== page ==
Last week I wrote about how a church can be a good partnering church to a planter (Click here). This week I am writing from the other perspective: How can you, as a church planter, be a good partner to a church who is committed to helping your church plant fulfill its divinely appointed mission?
Element #1: Communication
As a pastor seeks to lead his church into a partnership with a church planter, the more resources he has to communicate the vision the more likely the church will get on board. It is absolutely crucial that as a church planter you provide as much information as possible to the church partner or potential partner about the vision and what God is doing. I realize it is time consuming, yet the long term Kingdom potential is worth the time. Too often I have seen a partnership break down or not happen at all simply because of a lack of communication.
Element #2: Humility
Since there is little way to sugarcoat this, I will not try. If you want a church to partner with you, it is important to respect and appreciate their willingness to partner and their expression of church. This does not mean you must have the same expression of church or agree with everything the church does or how they do it. But too often we fall into the trap of pride that says, “I know more than you” and when a potential partner senses that arrogance, the red flags begin to fly. My experience has shown me that both the partnering church and the planter have much to give to each other. Take time to learn from one another and make it a true partnership.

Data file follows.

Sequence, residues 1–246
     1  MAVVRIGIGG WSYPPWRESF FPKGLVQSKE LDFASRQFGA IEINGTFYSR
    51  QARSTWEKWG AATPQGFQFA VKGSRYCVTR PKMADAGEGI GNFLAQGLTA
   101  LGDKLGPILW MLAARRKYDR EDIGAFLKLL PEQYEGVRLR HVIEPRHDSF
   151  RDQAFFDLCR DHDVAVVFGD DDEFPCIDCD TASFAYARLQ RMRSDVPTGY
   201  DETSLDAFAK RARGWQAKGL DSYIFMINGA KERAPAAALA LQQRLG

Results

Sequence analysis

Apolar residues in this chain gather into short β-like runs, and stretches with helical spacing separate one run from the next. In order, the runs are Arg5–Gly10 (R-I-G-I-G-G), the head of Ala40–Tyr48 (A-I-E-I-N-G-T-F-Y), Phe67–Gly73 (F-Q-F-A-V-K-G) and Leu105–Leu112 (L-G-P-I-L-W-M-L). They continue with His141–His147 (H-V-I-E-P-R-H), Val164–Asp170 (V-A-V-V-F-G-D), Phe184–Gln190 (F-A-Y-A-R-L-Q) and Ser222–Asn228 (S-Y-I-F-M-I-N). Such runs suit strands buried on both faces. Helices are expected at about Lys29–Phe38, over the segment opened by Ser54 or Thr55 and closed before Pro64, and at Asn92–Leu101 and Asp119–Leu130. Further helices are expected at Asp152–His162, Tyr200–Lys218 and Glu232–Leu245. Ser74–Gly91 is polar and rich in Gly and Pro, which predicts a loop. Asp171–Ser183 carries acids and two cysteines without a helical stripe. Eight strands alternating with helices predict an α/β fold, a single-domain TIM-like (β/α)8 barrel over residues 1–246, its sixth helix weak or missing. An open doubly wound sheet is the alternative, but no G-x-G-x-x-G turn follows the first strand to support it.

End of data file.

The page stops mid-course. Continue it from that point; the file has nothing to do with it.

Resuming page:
Element #3: Transparency
If there is one thing that will sink a potential partnership quickly it is a hint of secrecy that leads to mistrust. It is crucial for you to be up front and open with a partnering church. Don’t be afraid to share times of great financial need, and to rejoice when other partners come to the table and the financial burden is lighter. Be honest with your failures and use them as an opportunity to learn from the partnering church or even garner more support in various areas of your ministry. The important thing is to make sure everything is out in the open so that true partnership can happen.
Element #4: Give Back
Church partnerships often work one way. The partnering churches pray, send people and give resources to the planter and his church. Too often the planter and the church he is planting have much in the way of experience and insight that could help the partnering church that goes untapped. Try to create a true spirit of partnership. Think about sending people to the partnering church to help with a strategic ministry area, or having designated prayer times for the partnering church.
This list is not exhaustive, but I pray that as partnerships develop they will enrich both churches as they seek to be the body of Christ in the context where they serve. For more information on partnerships please contact the Office of Great Commission Partnerships at 800.395.5102 ext. 5654 or email@example.com.